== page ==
Utah ranked at #2 in our Least Economic Stressors category, and had the #1 lowest unemployment rate. At the end of May the state drew headlines for how much their unemployment had dropped, with a cautious reopening of the economy a possible factor for their success. Also helping Utah is the fact that for the past two years the state has had the highest export growth rate in the nation, and some experts believe that it could become a significant force in the global economy post-coronavirus.
Like its neighbor Wyoming, Utah is another doubly-landlocked state with low population density and a high reserve of natural resources. The state has emerged from more than a century of a focus on mining and agriculture to diversify its industries for the future. This includes an explosion of tech startups, making Salt Lake City a version of Silicon Valley with a much lower cost of living.
9. West Virginia
West Virginia ranked #1 in our COVID-19 & Healthcare category, and their focus on hospitals and medical services is a major reason. The state has well over 60 hospitals and health systems, contributing over $9.8 billion to the state’s economy and employing over 44,000 people. It also, at the time of this writing, has the 2nd least cases of COVID-19 within the nation.
To be fair, the Mountain State is facing its share of economic challenges as the result of the pandemic, and an “economic stress test” conducted by Moody’s Analytics projected that it could face a $1.98 billion budget shortfall & 41.7% decline in the economy. That said, given West Virginia’s paucity of coronavirus cases, there will probably be some leftovers from the $1.6 billion in federal funds it received for COVID-19 treatment and testing.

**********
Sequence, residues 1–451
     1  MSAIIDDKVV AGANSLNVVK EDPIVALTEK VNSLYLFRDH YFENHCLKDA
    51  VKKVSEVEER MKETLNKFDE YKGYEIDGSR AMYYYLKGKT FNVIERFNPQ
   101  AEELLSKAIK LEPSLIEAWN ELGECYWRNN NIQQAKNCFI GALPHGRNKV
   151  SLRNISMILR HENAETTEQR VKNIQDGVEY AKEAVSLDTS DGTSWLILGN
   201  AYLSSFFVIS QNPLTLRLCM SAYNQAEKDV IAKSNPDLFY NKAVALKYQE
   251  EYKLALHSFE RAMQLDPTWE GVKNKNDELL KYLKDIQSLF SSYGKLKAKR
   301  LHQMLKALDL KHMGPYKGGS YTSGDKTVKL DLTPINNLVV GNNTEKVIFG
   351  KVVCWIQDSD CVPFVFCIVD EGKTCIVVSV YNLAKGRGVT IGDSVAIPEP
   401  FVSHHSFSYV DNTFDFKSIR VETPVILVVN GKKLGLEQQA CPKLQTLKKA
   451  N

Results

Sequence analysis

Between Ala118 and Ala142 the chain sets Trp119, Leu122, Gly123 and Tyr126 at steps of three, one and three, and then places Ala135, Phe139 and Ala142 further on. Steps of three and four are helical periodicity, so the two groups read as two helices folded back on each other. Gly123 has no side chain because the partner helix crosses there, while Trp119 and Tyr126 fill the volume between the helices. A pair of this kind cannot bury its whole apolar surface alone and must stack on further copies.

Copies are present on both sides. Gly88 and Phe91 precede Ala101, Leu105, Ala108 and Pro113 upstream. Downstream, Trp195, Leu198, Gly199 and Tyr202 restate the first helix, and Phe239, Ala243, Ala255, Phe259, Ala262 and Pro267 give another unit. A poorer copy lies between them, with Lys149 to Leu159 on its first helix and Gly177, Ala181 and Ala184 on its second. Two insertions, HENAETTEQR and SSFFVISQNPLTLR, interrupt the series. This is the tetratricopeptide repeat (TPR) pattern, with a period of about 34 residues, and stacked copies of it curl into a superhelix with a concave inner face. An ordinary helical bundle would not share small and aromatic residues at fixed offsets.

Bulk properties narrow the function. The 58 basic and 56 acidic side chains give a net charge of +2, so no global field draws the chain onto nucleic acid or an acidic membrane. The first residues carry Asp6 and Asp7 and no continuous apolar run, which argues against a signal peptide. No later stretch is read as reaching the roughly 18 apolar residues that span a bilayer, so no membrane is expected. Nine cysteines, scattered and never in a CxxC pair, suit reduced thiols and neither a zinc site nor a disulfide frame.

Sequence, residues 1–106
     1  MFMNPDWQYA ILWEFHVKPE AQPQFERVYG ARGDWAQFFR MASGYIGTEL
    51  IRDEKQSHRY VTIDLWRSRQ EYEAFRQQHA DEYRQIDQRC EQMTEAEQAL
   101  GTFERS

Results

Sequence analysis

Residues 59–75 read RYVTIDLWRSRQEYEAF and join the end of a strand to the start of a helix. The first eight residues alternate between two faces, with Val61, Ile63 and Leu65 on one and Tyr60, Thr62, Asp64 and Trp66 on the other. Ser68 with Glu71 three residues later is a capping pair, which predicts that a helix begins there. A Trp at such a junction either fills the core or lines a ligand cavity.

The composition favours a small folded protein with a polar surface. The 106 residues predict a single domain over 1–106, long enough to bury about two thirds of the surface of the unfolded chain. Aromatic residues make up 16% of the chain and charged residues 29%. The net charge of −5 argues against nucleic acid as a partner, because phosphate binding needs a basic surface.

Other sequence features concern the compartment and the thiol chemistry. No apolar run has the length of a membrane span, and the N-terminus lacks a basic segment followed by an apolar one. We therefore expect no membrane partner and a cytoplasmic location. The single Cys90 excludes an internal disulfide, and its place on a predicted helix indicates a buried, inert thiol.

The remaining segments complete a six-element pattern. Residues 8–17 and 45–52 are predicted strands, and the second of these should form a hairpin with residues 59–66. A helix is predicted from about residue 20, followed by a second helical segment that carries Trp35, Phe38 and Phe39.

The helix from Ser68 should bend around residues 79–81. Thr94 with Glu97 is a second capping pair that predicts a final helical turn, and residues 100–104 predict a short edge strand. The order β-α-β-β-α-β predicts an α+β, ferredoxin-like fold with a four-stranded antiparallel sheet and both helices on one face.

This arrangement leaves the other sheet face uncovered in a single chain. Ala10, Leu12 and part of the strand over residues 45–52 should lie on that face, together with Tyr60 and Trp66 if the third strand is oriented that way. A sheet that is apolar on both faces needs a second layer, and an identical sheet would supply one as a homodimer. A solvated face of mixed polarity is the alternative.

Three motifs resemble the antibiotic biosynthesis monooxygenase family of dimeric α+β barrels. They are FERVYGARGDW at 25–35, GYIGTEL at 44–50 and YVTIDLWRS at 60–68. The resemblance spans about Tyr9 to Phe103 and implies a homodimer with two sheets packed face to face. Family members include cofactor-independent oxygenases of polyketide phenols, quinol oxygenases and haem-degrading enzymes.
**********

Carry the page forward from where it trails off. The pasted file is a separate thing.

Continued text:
Nebraska’s ability to keep its unemployment numbers down is a big reason it has made our top ten of the states best able to survive the pandemic. The state had the 9th lowest unemployment rate, and ranked at #8 in our overall Least Economic Stressors category. A possible reason for Nebraska’s relative lack of job losses during the pandemic is its very diversified economy focused on “necessity” industries such as food production, finance, and insurance.
The state also maintained a low unemployment rate during the years leading up to the pandemic, and enjoyed a relatively healthy and growing economy before the economic downturn. Twenty-six Nebraska businesses made Inc’s 2019 list of the fastest-growing 5000 companies in the nation, with a heavy concentration on medical staffing, software, and IT management. The state appears to definitely have a fighting chance in the “new normal” of the nation’s economy.
Definitive Ranking of All 50 States
OVERALL STATE SCORE
Click here to see all data considered in our study.
Our ranking of the best states to survive the current pandemic was based on five categories, each one containing a number of relevant metrics derived from authoritative sources such as the U.S. Department of Labor, Moody’s Analytics, the U.S. Census, the Tax Foundation, the New York Times, and the Center on Budget and Policy Priorities. We analyzed the data for these metrics and assigned weights to each based on their relative importance to recession survival: